How to Get Through Senior Year Doing the Bare Minimum

Nick Kellan

Every senior wants their last year in high school to be memorable. This is a year that most seniors do just about everything except for schoolwork. Seniors tend to slack off in some, if not, all of their classes. This is typically a result of arriving to class late, procrastinating assignments, or losing concentration in class. Many seniors’ time is being sucked up by extracurriculars and college applications, but through all of this, every graduating class finds a way to make it out, with their heads above the water. 

A couple methods are used by the master procrastinators in order to survive the year. One of these methods is to establish a friendly relationship with teachers. Seniors often find themself under tremendous amounts of stress due to college and extracurriculars, which leads to late submission of assignments. If a teacher knows that student personally, they are more likely to be understanding of the cause of the lateness. When the student is given the benefit of the doubt, their grade will stay afloat. This is not by any means taking advantage of anyone. It is simply being on good terms with another human being, who also happens to have control of a student’s graduation chances.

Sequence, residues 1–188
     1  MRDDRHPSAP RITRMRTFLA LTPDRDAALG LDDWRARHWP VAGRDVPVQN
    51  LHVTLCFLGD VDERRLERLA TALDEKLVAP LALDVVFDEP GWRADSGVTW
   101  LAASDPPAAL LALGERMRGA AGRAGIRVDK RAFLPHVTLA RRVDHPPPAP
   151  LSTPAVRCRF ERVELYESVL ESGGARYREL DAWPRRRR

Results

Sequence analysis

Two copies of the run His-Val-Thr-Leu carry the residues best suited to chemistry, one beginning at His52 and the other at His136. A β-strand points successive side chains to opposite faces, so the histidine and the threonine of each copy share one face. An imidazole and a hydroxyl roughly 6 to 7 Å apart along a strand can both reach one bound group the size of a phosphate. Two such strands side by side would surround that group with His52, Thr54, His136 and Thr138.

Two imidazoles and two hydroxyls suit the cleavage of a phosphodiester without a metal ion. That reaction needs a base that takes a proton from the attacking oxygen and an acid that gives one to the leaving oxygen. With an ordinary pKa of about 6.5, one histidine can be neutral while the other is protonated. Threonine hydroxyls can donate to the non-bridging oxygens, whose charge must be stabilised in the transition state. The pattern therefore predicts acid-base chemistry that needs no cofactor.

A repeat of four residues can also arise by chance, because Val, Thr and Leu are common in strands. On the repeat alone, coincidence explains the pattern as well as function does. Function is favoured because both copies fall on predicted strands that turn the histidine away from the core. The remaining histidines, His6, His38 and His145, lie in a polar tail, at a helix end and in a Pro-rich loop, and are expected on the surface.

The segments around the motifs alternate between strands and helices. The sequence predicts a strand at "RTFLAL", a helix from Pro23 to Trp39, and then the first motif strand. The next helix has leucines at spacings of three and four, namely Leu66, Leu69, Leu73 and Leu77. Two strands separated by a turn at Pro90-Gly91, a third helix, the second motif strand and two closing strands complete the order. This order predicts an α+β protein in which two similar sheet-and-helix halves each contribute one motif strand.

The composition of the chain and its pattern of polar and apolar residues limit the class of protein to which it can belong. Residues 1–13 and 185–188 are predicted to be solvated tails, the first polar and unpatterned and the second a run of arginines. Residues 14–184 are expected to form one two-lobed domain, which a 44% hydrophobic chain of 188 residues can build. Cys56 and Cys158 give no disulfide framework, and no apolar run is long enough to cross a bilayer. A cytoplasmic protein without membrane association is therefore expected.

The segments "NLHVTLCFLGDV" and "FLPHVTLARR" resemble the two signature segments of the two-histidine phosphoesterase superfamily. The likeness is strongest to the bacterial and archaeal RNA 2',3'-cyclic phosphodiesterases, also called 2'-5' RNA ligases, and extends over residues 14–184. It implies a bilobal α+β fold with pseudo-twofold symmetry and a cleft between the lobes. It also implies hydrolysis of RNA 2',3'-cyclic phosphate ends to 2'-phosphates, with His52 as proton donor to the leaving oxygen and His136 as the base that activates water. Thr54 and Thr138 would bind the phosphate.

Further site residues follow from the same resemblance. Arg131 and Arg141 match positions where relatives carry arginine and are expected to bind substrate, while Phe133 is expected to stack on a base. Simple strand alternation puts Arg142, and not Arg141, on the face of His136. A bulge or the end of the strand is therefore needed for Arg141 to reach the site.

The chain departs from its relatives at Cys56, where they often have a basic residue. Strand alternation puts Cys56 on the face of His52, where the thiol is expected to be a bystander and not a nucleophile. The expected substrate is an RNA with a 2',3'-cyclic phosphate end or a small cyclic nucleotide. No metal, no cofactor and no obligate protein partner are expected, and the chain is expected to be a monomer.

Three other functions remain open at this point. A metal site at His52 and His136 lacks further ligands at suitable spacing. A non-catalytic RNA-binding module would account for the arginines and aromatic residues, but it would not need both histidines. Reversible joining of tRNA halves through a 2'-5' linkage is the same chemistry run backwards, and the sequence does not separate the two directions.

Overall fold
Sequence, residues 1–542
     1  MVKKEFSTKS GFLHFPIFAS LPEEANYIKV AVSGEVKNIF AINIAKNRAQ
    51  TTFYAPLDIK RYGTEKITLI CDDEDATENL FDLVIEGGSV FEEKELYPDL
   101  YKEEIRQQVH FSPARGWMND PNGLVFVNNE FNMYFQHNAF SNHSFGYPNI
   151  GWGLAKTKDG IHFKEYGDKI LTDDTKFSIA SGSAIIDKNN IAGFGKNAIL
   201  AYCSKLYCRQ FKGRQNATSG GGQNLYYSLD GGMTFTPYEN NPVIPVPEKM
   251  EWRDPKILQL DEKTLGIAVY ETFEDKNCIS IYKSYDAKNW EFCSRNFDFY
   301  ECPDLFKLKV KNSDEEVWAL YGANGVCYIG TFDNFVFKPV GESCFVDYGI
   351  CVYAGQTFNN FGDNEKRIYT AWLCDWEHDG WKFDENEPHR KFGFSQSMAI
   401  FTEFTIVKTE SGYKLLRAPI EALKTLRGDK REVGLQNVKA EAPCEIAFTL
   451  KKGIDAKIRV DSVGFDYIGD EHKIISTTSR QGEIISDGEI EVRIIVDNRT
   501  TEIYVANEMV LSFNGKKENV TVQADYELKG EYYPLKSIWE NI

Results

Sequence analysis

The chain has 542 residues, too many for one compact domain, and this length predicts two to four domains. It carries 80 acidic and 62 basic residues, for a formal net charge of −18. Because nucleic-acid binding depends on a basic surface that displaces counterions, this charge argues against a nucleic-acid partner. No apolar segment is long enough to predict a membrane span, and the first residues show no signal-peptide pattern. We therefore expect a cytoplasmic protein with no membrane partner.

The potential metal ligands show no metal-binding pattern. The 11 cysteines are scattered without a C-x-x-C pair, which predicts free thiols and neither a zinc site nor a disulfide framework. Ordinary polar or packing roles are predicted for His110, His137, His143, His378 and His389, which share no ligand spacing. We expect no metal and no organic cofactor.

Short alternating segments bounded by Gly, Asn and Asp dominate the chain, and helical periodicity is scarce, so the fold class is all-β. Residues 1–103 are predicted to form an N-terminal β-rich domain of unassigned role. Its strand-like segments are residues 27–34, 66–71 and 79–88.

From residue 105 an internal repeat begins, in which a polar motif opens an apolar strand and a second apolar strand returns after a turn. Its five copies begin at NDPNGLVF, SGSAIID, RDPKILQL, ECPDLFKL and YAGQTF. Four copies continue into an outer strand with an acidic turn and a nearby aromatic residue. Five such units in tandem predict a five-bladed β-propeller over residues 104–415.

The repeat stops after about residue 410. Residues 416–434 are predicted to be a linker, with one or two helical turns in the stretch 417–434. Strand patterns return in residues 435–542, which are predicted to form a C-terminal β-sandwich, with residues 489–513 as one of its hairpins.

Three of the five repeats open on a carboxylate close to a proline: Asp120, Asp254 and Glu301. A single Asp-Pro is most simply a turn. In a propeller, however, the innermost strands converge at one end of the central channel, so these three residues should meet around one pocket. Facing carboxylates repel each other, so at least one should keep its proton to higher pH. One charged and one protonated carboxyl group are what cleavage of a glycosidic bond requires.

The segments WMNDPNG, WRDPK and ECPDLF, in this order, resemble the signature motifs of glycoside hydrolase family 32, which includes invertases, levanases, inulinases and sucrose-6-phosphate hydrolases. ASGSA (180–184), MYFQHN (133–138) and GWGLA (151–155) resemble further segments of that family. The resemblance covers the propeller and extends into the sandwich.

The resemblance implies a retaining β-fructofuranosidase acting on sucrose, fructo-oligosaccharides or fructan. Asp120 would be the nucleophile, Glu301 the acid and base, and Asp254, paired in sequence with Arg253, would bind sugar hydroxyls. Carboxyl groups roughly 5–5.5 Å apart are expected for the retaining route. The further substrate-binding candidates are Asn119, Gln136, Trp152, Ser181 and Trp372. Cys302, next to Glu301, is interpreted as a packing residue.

Deadlines are the last thing students want to think about, but there must be some time frame for assignments to be turned in. One way to do this is by turning in everything for the week before the weekend. Students know when they will not do something on time. Getting it in by the end of the week gives the teacher a chance to give credit. 

Class of 2021 Timberlane graduate Cam Noyes, known for doing next to nothing productive in class, has his theories on senior year. Noyes states, “People think this stuff is hard, as long as you got a 60 you straight homie.” Noyes follows this up with, “you’ve (seniors) had to do so much work the past three years, as long as you’re somewhat paying attention this year, you’ll be more than fine”. Technically, a 60% final grade in a class is the requirement to pass. Hypothetically, a student would only need to correctly complete just over half, or 60%, of the work given in a class to pass it. This is likely the reasoning for Noyes’s strategy. If the plan is to barely skate by, a 60% is the target.